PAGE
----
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Friday, 15 February 2019
Roy Price, aged 51 from Crewe, is progressing well with his gruelling training in readiness to cycle the 900 miles from Land’s End to John O’Groats (LEJOG) in May later this year. His ride is to raise money for cancer charity ‘The Joshua Tree’, who support North West families living with the life-changing experience of childhood cancer, https://www.thejoshuatree.org.uk/ .
On 6th February 2019 Roy completed his longest training ride yet, when he rode the 50 miles from Crewe to Prestatyn in North Wales. He chose this particular date, as it marked one year since he lost his wife - Ruth Price - from secondary breast cancer. He finished he ride at ‘Crispy Cod’ in the town, as this was a café that Ruth liked to visit.
Roy has been raising money in memory of his wife for the past twelve months. Roy, along with friends and supporters, have already raised over £8,500 for local charities via wheelbarrow pushes, a garden party, a charity night, a tombola, a raffle and by Roy hiking up Mount Kilimanjaro - the highest mountain in Africa.
Roy is being supported during his training and during LEJOG by Rob Simpson from Simpson & Edge Garage in Nantwich. The Railway Hotel in Nantwich have sponsored Roy’s cycle clothing and Rob’s crew clothing. Roy has the word ‘Simba’ on the back of his cycling shirt as this was the nickname given to him by his Tanzanian guides when he ascended Mount Kilimanjaro, due to a large lion tattoo on his left arm - Simba is the fictional character who appears in Disney's The Lion King.
After his ride to Prestatyn, Roy Price said, “The weather was absolutely horrendous when I set off, as it was raining quite heavily, and the wind was strong too. Plus, I’d only got as far as Wardle when I hit a huge pothole, which blew my front tyre and nearly threw me off my bike! Fortunately, Rob Simpson was behind me in the support van and helped me change my wheel. Despite jolting my neck and back I decided I was OK to carry on. A section of the route took me along the Chester Millennium Greenway, which was scenic, but for several miles I was against a very strong wind, it really was like being on an exercise bike! I had to make regular stops to take on fluid as it was so windy it was dangerous trying to take a drink whilst I was moving. I was tired but elated when I made it to Wales. However, it will help in my fitness for Land’s End to John O’Groats.”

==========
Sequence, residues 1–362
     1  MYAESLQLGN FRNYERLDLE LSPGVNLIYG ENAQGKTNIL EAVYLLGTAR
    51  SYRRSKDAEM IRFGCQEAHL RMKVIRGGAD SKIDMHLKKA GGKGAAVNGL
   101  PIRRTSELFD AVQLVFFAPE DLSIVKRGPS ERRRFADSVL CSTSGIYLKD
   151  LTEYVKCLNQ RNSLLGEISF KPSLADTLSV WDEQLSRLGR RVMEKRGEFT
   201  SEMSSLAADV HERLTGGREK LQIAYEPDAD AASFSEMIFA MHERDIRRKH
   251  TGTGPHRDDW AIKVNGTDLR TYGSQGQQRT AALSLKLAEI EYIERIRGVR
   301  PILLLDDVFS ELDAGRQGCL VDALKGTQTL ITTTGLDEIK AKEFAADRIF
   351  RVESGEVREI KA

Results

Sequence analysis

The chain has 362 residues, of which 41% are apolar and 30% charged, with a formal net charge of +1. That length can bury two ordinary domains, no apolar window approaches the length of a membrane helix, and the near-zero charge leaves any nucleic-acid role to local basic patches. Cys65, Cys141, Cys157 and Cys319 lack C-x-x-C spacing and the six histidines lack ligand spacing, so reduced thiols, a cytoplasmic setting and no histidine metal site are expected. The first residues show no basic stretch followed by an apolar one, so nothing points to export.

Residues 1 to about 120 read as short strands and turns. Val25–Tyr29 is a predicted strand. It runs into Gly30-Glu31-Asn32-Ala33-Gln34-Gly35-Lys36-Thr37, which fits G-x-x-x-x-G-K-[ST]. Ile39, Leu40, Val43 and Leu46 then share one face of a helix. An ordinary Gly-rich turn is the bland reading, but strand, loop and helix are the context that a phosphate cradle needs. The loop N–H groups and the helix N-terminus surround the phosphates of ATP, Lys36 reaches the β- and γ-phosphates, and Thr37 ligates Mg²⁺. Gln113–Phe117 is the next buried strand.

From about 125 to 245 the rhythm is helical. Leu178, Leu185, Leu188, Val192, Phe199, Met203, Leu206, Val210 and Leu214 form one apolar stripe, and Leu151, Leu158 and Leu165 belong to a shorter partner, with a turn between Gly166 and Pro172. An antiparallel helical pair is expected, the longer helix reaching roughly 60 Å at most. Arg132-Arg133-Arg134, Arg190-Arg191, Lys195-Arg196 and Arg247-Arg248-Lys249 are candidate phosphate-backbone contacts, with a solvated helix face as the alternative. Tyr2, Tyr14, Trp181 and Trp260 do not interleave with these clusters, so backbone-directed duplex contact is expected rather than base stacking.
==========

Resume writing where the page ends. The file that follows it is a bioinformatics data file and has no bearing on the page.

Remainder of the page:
To donate to Roy’s Land’s End to John O’Groats fundraising ride please visit: https://uk.virginmoneygiving.com/RoyPrice2
Cheshire East Council is moving forward with plans for the arrival of HS2 by launching a six-week consultation on the type of development that could be seen around Crewe railway station.
The draft plans, set out an emerging development strategy and key policies as the next step in preparing an area action plan around Crewe station , and once fully agreed, they will allow the council to manage development and support the regeneration of the area prior to HS2’s arrival.
HS2 provides a once in a lifetime opportunity for Crewe and the wider borough. The plan, currently being developed, supports a long term vision for Crewe. This enables the most immediate opportunities around the railway station, and ensures related growth and development is ‘plan-led’.
Councillor Rachel Bailey, leader of Cheshire East Council, said: “I’m excited at the potential and opportunities that HS2 will bring to Cheshire East from 2027. While eight years seems like a long way off, we need to be prepared and plan now to deliver the best outcome for our residents, communities and businesses.
“The Crewe station hub area action plan builds on our previous work for the Crewe masterplan and continues to show government that the right hub at Crewe station will bring opportunities to Crewe and to many other parts of the borough.
“As a council, we do not want to limit what the opportunities are going to be in the area when HS2 arrives. Throughout this consultation, we are working with the community and local businesses, so we have a plan that reflects the ambitions of the local area.
“We continue to work alongside government, Network Rail and strategic partners to deliver our vision for the area. Maximising the potential benefits of an enhanced HS2 hub station at Crewe, and getting this emerging plan right, is the best way to achieve this.
“I would encourage everyone to take a look at the draft plans and contribute to this consultation.”
The consultation is open for six-weeks, ending at midnight on 26 March 2019. Further details can be found on the council’s website at www.cheshireeast.gov.uk under ‘consultations’.
Lonely Hearts Romance Fraudster Alert
Lonely Hearts Romance Fraudster Alert
The NFIB have become aware of techniques used by romance fraudsters against people using dating sites. Not only will they steal your heart they will steal your money and your identification.
When you think you’ve met the perfect partner through an online dating website or app, but the other person is using a fake profile to form a relationship with you. They’re using the site to gain your trust and ask you for money or enough personal information to steal your identity.
A dating fraudster, previously involved in deceiving people that wanted a friendship explained how they would create fake accounts with social media platforms so that their details matched and could be searched. By appearing to be a real person their fake persona could be corroborated by prospective partners searching their background and believe them to be genuine. The fraudster said:
“People like to live in fairy tales to say it won’t happen to me. I make sure all my conversations are bespoke. I will show insecurity myself about trusting people and this helps allude to them that I’m genuine.”
The fraudster will also utilise as many accessible online research tools to explore people’s information for their own personal gain or sell onwards. The fraudster elaborated and explained:
“I use various online directories to find out about the person. Once I have enough, I use it to milk everything I can using their details or sell them on to other fraudsters via the dark web”